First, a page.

Let me begin by writing that  I can’t ever imagine being fat enough that finding clothes that fit would be impossible. Fat enough that a medical professional might turn me away. So fat that some airlines might refuse me a seat, or force me to buy two seats so that I don’t make anyone uncomfortable. I can’t imagine it because I’ve never even been close to being obese. I’ve made a conscious choice not to be fat, so I have no idea how it feels when an individual or an institution treats a fat person in a disrespectful manner.

I do know, however, how it feels to be less than acceptable. My father was my professor. I learned so many lessons from him, but they were not the ones he intended to impart to me. I did not buy his bullshit. When he would tell me I was not good enough, or a stupid c**t, or an ugly bitch, or the really fabulous time he told me he’d wish I’d never been born, I’d feel that worthlessness and I’d reject it. Not every time, obviously. I wasn’t, and am still not, completely resistant to targeted barbs and hurled insults. By the time it really counted for me, though, I rejected it. It is also the reason why I do what I do. If asked, I want to help people with their health and invariably it involves their weight and their unhappiness with it.

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Not only did I make the eventual conscious choice not to be a mousy doormat of a woman, I also made a choice to be the most powerful kind of woman I could be and part of that, FOR ME, was not becoming fat. There are people that pile on fat to be the buffer between them and the world and the perceived hurt coming their way, and then there are people who feel that being physically attractive will only help in their quest to getting what they want out of life. Mind you, not being fat does NOT guarantee that you will be fit. Far from it. I didn’t quite get the fit part until my thirties and by then, I was sliding into the fat zone. Well, the skinny fat zone. I write about that here, if you want the low down on that. I did not allow myself any excuses as to the reason for my slippage, even though one of my friends gave me a convenient one….my age. It was to be expected. Ermmmm…NO!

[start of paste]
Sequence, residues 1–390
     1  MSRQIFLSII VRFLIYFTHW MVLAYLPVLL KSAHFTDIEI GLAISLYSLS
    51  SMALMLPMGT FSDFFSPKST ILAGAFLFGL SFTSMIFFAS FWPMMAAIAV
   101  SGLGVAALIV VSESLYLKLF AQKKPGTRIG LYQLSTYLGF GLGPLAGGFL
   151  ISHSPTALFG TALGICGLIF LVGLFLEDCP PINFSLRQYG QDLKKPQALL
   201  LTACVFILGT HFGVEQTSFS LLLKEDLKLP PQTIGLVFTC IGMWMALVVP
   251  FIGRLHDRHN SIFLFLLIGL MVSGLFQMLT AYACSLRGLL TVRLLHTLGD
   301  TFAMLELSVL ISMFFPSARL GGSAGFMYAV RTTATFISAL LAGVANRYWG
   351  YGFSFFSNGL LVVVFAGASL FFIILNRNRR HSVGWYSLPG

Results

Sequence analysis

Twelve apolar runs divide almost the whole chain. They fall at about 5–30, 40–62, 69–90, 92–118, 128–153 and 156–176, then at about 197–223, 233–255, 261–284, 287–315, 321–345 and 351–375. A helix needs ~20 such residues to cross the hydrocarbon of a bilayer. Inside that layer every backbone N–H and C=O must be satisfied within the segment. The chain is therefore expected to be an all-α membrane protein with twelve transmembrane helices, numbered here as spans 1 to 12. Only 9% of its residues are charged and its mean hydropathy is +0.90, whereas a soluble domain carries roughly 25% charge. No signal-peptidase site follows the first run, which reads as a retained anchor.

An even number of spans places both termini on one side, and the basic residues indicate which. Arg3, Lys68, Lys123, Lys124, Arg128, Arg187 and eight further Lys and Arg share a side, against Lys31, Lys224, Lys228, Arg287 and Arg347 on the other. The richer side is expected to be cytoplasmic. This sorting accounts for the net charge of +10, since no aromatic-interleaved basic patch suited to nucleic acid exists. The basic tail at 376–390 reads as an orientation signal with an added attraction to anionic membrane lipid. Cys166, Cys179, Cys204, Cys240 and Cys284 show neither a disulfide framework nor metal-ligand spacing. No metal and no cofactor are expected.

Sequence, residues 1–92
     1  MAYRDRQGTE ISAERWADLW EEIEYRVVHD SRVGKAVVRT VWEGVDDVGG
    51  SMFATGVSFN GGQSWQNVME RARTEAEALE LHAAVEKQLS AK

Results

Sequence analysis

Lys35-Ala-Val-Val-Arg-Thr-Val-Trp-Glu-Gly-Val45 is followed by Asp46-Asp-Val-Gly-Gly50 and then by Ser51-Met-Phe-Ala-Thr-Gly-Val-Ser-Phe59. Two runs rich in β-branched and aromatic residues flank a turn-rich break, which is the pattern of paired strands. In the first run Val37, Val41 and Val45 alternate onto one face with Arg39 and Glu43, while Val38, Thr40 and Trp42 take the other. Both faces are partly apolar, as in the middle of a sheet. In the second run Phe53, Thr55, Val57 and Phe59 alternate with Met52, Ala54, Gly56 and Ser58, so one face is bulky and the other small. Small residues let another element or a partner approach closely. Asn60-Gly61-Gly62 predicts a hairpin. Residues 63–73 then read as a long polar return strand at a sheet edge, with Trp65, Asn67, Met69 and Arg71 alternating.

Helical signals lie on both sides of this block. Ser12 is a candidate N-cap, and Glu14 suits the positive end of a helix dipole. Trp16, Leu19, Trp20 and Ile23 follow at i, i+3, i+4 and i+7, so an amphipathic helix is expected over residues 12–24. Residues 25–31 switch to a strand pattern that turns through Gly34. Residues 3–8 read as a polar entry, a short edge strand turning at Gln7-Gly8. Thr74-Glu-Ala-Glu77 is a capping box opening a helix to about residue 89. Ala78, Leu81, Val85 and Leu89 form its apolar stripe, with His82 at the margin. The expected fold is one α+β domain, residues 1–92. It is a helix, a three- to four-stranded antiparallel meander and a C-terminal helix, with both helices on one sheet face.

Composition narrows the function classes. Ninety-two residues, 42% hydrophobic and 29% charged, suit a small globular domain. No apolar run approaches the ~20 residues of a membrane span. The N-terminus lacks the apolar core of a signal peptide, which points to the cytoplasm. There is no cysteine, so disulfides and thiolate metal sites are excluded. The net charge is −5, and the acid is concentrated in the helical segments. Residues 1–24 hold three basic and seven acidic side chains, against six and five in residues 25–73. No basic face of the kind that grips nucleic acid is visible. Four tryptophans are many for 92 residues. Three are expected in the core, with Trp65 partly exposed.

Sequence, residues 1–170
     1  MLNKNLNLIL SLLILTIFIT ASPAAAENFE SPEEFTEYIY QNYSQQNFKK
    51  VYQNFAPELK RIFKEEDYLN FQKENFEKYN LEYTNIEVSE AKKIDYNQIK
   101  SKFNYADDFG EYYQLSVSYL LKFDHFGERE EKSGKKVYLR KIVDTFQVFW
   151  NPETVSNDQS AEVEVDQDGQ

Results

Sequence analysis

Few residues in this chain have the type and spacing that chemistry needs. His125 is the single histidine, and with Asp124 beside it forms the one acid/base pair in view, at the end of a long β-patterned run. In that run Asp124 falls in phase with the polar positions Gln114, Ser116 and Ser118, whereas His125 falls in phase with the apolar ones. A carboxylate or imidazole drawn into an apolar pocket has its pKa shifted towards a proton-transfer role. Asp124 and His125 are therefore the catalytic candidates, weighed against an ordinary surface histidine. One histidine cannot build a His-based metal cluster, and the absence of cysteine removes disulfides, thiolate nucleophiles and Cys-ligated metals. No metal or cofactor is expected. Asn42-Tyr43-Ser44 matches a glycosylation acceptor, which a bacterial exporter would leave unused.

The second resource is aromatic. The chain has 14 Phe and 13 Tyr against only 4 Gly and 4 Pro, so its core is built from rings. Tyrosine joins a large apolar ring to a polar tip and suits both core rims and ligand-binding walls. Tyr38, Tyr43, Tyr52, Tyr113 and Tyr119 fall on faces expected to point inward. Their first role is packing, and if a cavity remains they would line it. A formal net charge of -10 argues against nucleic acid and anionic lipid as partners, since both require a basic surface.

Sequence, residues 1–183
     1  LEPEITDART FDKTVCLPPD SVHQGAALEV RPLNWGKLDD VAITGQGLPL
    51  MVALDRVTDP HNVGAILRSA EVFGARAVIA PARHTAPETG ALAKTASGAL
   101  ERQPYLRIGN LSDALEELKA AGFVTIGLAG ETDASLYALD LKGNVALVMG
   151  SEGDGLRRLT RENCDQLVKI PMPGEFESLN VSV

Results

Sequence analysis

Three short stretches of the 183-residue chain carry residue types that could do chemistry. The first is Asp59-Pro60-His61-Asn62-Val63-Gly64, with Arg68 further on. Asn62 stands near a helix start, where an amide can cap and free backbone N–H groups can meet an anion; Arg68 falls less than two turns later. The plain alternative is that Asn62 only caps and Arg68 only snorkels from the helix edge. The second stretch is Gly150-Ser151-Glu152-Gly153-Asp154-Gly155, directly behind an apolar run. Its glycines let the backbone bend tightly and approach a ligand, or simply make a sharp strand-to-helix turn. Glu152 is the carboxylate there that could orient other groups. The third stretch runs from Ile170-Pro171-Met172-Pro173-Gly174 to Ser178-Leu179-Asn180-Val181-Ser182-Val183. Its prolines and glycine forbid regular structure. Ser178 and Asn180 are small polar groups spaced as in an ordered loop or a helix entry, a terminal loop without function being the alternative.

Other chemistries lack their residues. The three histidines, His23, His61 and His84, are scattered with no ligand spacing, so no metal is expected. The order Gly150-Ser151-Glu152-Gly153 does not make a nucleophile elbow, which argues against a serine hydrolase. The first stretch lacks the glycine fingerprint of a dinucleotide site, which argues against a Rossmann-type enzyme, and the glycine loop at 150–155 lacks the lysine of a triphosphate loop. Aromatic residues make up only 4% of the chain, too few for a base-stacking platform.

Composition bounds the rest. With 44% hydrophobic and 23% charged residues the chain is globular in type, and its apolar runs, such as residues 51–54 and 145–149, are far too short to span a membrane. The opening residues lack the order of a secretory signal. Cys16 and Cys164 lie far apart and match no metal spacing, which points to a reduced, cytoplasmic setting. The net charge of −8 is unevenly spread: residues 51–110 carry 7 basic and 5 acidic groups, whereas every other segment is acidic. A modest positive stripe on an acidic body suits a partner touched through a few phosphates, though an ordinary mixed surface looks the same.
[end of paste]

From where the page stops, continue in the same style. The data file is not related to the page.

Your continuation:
That’s what this post is about. Excuses. I’m an authority on them. Not so much on giving, though I’ve done more than my fair share, but on hearing them. As a fitness professional, I’ve heard them all! My eye-rolling level is expert. Here is just one event from my life, and it contains the most infuriating excuse that I have ever heard given to me…

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It takes special training to roll your eyes without moving the rest of your face….